Re: [urn] Review period Re: I-D Action: draft-ietf-urnbis-rfc3406bis-urn-ns-reg-02.txt

Juha Hakala <> Fri, 20 April 2012 12:05 UTC

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Subject: Re: [urn] Review period Re: I-D Action: draft-ietf-urnbis-rfc3406bis-urn-ns-reg-02.txt
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Leslie Daigle wrote:
> Hi,
> This document questions the 2-week mailing list review period for formal 
> namespace registrations, suggestion 4 weeks (or possibly 8).

I had a similar concern. But following the discussion in IETF 83 it 
seems that even 2 weeks is sufficient, provided that each iteration (new 
version of the namespace registration) gets the same two weeks.

> What I've seen (as the designated expert that needs to be replaced):
> + namespace proposals that don't  get published as I-D's
>  -- Step 0:  please publish this as an I-D

Some target communities lack the expertise needed. It is hard to 
eliminate this problem.

> + namespace proposals that don't follow the correct version of the RFC
>  -- authors need guidance about current version
> + namespace proposals that need to be cleaned up in terms of having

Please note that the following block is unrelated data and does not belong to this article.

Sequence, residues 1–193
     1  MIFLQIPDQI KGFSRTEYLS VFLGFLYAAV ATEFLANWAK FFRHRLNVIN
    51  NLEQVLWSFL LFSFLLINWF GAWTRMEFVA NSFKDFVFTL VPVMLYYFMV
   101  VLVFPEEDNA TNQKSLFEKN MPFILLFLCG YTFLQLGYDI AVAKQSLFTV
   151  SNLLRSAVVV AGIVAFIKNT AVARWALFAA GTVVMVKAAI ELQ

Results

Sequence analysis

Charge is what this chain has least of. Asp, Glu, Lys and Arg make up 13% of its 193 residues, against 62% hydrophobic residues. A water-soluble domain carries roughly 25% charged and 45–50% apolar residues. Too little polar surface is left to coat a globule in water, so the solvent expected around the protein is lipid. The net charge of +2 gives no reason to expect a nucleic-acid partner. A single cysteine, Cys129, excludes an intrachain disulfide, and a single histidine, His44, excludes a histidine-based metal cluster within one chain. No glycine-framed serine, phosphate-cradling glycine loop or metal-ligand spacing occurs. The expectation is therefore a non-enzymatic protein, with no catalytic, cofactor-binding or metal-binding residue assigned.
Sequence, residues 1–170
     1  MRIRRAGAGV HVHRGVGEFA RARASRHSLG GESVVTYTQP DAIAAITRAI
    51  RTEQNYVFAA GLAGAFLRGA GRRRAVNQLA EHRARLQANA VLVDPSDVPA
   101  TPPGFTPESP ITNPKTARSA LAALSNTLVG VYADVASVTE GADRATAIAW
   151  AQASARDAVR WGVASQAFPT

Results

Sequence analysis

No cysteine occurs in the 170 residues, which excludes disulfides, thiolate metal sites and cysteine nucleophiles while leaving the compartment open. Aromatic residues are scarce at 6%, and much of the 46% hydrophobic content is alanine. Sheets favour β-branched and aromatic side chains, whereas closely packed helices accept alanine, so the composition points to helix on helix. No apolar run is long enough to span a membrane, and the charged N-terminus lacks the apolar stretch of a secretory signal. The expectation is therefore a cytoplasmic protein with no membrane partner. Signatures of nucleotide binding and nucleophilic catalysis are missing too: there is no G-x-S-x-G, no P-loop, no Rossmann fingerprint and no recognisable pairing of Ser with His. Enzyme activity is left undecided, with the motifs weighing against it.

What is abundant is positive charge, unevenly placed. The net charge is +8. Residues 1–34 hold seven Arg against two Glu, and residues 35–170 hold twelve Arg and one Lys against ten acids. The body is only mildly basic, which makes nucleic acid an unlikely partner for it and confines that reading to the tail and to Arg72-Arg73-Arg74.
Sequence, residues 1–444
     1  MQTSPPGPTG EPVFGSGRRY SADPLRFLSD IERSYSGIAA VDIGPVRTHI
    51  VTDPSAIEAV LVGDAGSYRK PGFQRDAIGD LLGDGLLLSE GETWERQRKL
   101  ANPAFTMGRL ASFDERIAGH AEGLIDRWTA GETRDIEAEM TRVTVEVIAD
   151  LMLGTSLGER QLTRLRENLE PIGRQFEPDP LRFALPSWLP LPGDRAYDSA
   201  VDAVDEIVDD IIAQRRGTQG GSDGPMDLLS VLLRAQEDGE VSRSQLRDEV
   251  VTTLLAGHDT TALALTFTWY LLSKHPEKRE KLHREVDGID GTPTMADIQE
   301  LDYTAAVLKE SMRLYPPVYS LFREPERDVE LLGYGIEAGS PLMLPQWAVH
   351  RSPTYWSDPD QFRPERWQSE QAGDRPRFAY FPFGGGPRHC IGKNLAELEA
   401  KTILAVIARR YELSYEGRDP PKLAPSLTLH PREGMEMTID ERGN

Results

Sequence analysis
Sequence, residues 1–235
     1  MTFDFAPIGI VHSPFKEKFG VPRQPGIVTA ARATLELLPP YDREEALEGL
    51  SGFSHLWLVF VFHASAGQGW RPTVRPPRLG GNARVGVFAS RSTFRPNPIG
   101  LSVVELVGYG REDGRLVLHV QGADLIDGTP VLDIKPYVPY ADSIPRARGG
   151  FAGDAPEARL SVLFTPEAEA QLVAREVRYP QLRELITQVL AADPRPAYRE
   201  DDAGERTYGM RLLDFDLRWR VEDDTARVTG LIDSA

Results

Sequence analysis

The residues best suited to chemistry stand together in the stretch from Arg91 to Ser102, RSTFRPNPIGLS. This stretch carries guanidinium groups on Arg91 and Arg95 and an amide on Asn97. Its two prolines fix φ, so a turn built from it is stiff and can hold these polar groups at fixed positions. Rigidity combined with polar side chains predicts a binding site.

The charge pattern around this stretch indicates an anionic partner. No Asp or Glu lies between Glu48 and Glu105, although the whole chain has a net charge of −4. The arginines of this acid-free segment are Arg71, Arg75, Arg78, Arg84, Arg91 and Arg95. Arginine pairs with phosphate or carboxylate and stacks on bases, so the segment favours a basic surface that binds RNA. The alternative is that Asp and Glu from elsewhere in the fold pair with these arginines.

> reasonable explanations in the Considerations sections
>  -- offer guidance and repeat

"Unreasonable" may mean at least two different things. First, some 
required bits may be missing completely. These problems are easy to 
spot. Second, we may receive namespace registration which is not 
functional. For instance, we may have a non-semantic (dumb) identifier, 
and the namespace registration describes a decentralized resolution 
mechanism. In this case there would be no hint how to find the correct 
resolver. Of course these problems do not need to be glaringly obvious 
like the one described above. Subtle issues will be hard to spot, and 
require at least some level of familiarity with the identifier system.

There may also be requests which seem to be OK (for instance, following 
the consensus concerning the <fgrament>, I could allow its use in the 
URN namespace since <fragment> is not part of the URN. But the 
International ISBN Agency may not approve this. Checking that the people 
who have written the registration request are fully authorized may not 
be that easy.

> + namespace proposals that come in through *other* IETF wgs, and never 
> get put on the urn-nid mailing list
>  -- need AD help to get them to the URN reviewers
> What I have *not* seen, surprisingly (but pleasantly):
> + a lot of discussion about whether something really should be a URN 
> namespace.  Hurrah.

Again, we may have different issues here. I suppose that we will not 
often have cases where an identifier system is a priori technically 
unsuitable (for instance, you could give the same identifier again and 
again for different resources). Such identifiers should never make it, 
of course. Same would apply to identifier systems that do not identify 
anything that would be useful in the Internet context. But the